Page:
Understanding maize production – Part 3

Optimal climate and soil conditions, and the structure of the maize kernel.

Full-grown maize plants in Lower Saxony, Germany. The high density suggests that the primary purpose here is a large yield of biomass, not maize for human consumption.
Photo: Christian Fischer

Maize is a warm-weather crop. It is not grown in areas where the mean daily temperature is less than 19°C, or where the mean of the summer months is below 23°C. The minimum soil temperature for germination is 10°C, but the process is faster and less variable at soil temperatures of between 16°C and 18°C. At 20°C, maize should emerge within five to six days. Yield is detrimentally affected at a soil temperature of about 32°C.

Frost can damage maize at all growth stages and a frost-free period of 120 to 140 days is needed to prevent damage.
Dryland maize requires between 350mm and 450mm of rain to produce a yield of around 3t/ ha.

Ideal soil properties
The most suitable soil for maize has adequate depth, good internal drainage, an optimal moisture regime, sufficient and balanced quantities of plant nutrients, and chemical properties that specifically favour maize production. Although large-scale maize production takes place on soils with a clay content of less than 10% (sandy soils) or in excess of 30% (clay and clay-loam soils), the soil texture classes between 10% and 30% have air and moisture regimes that are optimal for healthy maize production.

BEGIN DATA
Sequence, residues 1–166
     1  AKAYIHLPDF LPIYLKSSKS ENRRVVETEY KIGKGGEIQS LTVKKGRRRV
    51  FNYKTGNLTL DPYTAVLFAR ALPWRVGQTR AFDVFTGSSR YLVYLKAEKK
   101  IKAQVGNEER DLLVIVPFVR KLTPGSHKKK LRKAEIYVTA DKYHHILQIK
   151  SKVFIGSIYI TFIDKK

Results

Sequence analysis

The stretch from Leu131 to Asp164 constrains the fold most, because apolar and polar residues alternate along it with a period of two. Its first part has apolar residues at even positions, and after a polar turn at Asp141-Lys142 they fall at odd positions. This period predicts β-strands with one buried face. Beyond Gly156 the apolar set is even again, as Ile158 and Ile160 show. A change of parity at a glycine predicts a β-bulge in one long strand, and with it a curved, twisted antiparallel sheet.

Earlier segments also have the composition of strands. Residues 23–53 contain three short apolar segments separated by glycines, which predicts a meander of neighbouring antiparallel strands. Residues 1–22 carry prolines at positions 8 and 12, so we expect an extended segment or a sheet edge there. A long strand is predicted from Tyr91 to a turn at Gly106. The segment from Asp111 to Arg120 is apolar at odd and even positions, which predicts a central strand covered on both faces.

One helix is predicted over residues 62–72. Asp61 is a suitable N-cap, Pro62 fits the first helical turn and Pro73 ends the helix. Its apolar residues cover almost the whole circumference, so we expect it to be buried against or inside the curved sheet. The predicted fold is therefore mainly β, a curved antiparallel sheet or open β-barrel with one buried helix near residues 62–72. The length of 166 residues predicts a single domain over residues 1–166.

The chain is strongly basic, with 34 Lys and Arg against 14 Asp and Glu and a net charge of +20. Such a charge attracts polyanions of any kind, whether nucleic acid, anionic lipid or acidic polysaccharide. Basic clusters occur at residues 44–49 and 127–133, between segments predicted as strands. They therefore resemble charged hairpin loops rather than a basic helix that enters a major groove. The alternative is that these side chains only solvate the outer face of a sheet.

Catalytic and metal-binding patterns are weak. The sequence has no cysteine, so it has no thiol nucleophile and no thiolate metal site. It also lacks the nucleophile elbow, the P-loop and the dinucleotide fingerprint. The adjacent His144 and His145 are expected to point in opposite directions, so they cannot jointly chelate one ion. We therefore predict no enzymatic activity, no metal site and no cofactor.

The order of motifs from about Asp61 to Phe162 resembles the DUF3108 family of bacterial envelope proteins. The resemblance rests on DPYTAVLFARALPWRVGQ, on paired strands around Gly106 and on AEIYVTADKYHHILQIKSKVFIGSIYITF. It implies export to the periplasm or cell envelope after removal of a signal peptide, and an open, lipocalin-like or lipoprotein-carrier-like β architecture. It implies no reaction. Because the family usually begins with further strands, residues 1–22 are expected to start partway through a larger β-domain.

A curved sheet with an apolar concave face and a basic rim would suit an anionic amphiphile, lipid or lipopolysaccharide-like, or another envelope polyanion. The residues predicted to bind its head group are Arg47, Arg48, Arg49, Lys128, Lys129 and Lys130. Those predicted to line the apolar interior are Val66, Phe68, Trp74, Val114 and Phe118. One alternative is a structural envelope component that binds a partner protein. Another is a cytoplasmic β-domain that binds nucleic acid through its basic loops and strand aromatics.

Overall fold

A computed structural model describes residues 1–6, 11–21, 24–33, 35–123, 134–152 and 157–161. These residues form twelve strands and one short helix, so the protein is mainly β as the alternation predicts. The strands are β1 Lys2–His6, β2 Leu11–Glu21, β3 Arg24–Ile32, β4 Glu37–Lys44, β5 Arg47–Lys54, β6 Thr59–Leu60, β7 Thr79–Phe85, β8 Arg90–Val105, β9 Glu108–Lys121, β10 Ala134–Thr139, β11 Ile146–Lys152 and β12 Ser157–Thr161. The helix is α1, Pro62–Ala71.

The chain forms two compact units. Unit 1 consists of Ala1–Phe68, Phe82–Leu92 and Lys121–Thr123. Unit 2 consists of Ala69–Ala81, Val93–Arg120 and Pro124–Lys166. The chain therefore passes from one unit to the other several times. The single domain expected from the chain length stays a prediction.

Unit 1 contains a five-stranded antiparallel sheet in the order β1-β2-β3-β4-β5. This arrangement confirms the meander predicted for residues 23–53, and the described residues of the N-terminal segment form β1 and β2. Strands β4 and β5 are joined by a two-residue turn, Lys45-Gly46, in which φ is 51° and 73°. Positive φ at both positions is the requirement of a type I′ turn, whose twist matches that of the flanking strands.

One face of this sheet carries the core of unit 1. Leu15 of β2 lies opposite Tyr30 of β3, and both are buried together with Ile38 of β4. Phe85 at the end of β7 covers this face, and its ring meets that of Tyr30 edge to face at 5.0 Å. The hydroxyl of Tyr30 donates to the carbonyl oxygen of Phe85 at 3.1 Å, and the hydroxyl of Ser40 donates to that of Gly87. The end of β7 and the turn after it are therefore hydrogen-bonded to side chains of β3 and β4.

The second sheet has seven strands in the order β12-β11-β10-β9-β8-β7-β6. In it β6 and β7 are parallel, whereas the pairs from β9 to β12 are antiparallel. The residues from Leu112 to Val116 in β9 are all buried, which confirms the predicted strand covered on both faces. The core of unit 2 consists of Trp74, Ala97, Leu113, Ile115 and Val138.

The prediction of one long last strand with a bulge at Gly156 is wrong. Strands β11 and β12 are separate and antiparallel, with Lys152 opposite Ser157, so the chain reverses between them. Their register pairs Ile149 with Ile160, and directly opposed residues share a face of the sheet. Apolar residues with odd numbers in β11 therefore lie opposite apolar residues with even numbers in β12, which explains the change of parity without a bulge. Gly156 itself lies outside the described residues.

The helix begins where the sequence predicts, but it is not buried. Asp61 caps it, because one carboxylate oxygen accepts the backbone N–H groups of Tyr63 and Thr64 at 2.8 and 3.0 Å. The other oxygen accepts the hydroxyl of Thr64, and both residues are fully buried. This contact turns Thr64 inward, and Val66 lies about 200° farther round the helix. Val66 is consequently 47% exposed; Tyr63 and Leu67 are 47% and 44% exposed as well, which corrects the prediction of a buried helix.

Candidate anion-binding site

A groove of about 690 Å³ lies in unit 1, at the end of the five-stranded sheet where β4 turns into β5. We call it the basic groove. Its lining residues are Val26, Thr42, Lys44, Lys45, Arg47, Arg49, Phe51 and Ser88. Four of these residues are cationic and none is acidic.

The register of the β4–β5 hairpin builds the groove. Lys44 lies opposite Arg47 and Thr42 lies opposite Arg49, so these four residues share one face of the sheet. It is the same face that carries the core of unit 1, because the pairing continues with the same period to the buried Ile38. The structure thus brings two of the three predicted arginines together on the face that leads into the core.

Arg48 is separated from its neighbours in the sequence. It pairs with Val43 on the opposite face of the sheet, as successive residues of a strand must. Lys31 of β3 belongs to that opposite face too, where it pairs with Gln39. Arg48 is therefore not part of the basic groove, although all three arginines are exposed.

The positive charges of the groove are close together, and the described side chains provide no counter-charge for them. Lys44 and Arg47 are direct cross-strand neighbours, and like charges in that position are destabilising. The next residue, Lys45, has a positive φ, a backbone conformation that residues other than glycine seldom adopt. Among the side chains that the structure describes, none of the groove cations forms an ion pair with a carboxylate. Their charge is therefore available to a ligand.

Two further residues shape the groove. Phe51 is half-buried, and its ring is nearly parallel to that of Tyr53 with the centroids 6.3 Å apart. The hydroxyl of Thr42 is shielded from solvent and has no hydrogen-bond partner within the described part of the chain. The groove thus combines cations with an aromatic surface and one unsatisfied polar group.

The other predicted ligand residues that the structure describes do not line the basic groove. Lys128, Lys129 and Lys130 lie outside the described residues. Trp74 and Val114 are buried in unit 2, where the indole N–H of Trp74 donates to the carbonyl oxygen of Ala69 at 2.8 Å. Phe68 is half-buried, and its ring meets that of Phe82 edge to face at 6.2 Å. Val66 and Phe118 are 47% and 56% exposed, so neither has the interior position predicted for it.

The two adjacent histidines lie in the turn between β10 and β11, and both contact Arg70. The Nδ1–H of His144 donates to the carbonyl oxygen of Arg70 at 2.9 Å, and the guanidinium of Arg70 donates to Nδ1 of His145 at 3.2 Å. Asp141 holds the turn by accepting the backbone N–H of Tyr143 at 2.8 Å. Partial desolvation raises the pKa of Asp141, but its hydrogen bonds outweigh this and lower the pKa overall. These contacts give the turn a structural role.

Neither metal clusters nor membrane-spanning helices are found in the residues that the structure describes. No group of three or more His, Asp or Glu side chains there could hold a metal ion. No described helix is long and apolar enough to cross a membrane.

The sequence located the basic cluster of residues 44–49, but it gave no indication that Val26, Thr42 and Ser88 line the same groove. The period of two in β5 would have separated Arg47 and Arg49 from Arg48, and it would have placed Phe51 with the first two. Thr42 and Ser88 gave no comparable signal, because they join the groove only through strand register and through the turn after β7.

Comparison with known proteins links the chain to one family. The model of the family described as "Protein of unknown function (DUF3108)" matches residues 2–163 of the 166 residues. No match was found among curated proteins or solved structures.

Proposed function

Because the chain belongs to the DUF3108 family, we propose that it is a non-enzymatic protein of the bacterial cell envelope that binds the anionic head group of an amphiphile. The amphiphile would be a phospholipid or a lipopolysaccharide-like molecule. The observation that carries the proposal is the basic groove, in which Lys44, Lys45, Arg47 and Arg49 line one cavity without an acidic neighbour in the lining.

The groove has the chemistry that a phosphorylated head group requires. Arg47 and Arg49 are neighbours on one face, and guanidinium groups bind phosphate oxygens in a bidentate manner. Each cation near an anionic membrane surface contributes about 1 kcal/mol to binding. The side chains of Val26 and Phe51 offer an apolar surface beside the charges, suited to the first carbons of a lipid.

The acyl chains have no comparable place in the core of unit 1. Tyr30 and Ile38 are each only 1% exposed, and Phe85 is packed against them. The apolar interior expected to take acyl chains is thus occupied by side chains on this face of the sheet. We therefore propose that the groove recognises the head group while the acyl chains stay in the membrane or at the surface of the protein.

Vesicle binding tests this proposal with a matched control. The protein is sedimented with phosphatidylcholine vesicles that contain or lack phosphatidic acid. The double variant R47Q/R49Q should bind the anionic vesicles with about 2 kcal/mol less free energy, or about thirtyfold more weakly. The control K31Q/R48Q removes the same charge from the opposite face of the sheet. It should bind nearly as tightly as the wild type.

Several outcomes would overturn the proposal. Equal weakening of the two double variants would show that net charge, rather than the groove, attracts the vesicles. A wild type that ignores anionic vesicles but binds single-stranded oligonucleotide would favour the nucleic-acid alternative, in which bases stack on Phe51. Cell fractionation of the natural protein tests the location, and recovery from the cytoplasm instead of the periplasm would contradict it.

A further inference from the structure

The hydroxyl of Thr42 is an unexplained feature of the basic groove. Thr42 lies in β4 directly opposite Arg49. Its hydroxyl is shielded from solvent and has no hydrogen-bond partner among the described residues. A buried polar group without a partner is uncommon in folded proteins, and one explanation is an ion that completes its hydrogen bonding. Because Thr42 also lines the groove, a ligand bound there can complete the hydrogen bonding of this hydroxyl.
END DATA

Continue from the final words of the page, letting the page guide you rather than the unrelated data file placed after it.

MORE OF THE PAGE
Establishing production potential
Several methods can be used to determine yield potential; each has its own limitations. One of the most reliable is long-term yield data collected by each producer; this reflects the inherent yield of that environment and the effect of fertilisation, soil cultivation, plant population, and management by the producer.

The maize seed: for food and many other uses
The maize kernel consists of an endosperm, embryo (germ), a pericarp (seed coat) and tip cap. The endosperm contains the main carbohydrates. The embryo contains the parts that give rise to the next generation, while the pericarp and tip cap enclose the entire kernel.

The endosperm contains about 80% of the carbohydrates, 20% of the fat and 25% of the minerals, while the embryo contains about 80% of the fat, 75% of the minerals and 20% of the protein found in the kernel.

The starch in the kernel is used in foods and in the manufacture of many products, including adhesives, clothing, pharmaceuticals and paper. The starch can be converted into sweeteners and used in soft drinks, sweets, bakery products and jams, to name but a few.

The oil from the embryo is used in cooking oils, maize margarine and salad dressings. The protein, hulls and soluble part of the maize kernel are used in animal feed.

Dented crown

As the name suggests, dent kernels have a dented crown, which is formed during drying when the softer starch in the middle of the kernel shrinks faster than the outer, more translucent sides.

The dented kernel has two flat sides opposite each other, with one side containing the embryo. Flint kernels can be round or flat in appearance and contain mainly translucent starch, with only a small part of soft starch in the middle, hence the name.

Maize with a high percentage of translucent hard endosperm is preferred by the dry milling industry as it produces more of the popular high-quality and high-value products than does soft maize.

Source: Du Plessis, Jéan: Maize Production (DAFF).